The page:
Cartoon Controversy

Now some fresh pickings from the Political Grapevine:

The Washington Post, which had no qualms about publishing a cartoon attacking the U.S. military which drew a rare letter of protest from the joint chiefs — has declined to run the controversial Danish cartoons of the prophet Muhammad.

Executive editor Len Downie tells Editor and Publisher that the cartoons violate the paper's standards on religious sensitivity and "general good taste." The Post isn't alone — among U.S. newspapers, only the New York Sun, the Philadelphia Inquirer, the Rocky Mountain News and California's Riverside Press-Enterprise have printed any of the drawings.

The Los Angeles Times joined The New York Times and others in declining to run the cartoons, even while saying they support the right to publish them.
Meanwhile, the AP has refused even to send the pictures to its member newspapers for them to do with as they choose.

Pig-Faced Prophet?

Last night we told you that Danish Imam Ahmed Abu Laban used unpublished images of Muhammad — in addition to the cartoons published in a Danish newspaper — to inflame public opinion in the Middle East. One of those, purported to portray the Prophet Mohammad with a pig face was actually an AP photograph of a contestant in a hog calling contest in France wearing a pink pig snout and fake ears.

An aide to the imam tells the Brussels Journal the additional pictures were meant to provide insight into "how hateful the atmosphere in Denmark is towards Muslims."

Greatest Threat

Fear of a nuclear Iran has led Americans to label that country the single biggest threat to the United States, according to a new Pew Poll in which 27 percent name Iran as America's greatest danger — up from 9 percent last October.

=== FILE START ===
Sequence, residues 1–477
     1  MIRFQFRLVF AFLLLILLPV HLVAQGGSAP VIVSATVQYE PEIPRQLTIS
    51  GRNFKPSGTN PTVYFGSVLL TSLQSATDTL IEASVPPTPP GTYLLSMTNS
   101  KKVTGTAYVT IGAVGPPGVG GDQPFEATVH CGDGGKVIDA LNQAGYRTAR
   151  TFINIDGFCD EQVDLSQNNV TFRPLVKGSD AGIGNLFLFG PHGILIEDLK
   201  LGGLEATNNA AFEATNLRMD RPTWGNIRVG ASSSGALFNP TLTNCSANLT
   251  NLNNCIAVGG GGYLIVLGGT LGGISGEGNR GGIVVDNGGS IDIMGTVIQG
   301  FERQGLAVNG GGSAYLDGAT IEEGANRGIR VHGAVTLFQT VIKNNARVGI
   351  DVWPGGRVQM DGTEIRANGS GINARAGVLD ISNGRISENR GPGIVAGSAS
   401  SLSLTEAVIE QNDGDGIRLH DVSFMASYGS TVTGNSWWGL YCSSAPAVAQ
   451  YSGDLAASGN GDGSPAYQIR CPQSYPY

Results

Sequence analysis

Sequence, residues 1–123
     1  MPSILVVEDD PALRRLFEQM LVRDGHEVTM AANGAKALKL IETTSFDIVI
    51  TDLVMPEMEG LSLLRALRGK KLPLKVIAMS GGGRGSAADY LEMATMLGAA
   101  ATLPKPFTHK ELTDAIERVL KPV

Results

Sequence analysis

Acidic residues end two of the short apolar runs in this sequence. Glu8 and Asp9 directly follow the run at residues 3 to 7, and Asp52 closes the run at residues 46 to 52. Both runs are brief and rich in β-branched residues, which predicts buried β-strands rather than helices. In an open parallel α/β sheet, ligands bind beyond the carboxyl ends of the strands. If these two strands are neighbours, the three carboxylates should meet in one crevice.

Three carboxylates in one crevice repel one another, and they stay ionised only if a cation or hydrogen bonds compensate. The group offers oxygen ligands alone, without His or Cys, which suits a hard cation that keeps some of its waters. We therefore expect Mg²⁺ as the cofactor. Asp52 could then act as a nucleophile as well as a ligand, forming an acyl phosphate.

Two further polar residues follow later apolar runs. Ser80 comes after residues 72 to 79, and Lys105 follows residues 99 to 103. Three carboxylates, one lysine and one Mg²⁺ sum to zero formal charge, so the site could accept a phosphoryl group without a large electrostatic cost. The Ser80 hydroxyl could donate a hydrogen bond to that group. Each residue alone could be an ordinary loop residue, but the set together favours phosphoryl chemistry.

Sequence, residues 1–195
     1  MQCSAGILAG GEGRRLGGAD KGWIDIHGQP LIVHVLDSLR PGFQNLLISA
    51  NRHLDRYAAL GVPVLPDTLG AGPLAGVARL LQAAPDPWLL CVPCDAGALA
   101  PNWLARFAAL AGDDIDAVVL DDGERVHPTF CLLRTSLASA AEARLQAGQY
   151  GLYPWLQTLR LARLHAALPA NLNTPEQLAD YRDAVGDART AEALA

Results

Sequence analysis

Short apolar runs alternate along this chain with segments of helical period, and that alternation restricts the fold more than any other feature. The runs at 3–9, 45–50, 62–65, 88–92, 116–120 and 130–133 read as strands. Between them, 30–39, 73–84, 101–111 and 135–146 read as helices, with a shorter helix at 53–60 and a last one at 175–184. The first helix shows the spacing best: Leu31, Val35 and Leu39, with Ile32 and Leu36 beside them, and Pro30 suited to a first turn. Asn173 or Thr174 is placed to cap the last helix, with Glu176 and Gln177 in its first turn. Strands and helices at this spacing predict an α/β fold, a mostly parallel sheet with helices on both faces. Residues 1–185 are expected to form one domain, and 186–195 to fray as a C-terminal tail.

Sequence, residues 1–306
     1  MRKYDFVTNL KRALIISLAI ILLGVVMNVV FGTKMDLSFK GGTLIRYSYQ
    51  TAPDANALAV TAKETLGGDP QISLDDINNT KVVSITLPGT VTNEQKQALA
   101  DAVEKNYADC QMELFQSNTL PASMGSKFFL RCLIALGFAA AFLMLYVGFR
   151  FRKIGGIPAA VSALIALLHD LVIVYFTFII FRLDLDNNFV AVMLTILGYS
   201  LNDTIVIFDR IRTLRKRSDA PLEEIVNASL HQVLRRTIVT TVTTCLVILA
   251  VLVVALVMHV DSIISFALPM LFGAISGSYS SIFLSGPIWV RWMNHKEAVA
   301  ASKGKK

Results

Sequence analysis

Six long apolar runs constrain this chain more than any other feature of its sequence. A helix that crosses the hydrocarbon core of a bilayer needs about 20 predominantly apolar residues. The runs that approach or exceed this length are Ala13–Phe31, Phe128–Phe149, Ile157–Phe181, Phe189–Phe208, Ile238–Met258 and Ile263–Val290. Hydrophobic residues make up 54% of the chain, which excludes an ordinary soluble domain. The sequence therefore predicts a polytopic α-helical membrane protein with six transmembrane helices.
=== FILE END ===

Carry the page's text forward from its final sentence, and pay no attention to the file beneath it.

Fifty-seven percent of those who've closely followed news on Iran say the country is likely to attack the United States or Europe if it develops nuclear weapons and 86 percent believe Iran would give a nuclear bomb to terrorists.

The poll also found that 54 percent of the public believes the government should be authorized to conduct warrantless wiretaps of suspected terrorists inside the United States. Last month, the public was evenly divided on the issue.

Inspection Concerns

The environmental group Greenpeace says Iran's decision to limit the International Atomic Energy Agency's access to nuclear sites worries them... not because nuclear activities won't be monitored, but because Iran may lose its chance to prove its innocence.

Greenpeace nuclear analyst Felicity Hill says the IAEA,"…won't be able to tell how far the Iranians are ahead with enrichment, which may mean that estimates could err on the side of more rather than less," adding that the IAEA will be unable to "calm some of the fears and expunge rumors and doubts about Iran's true intentions."

— FOX News' Aaron Bruns contributed to this report

With more than 35 years of journalism experience to draw from, Brit Hume currently serves as a senior political analyst for FOX News Channel (FNC) and contributes to all major political coverage. Hume also is regular panelist on FOX's weekly public affairs program, "FOX News Sunday" on Sundays at 2 p.m. and 6 p.m. ET. Click here for more information on Brit Hume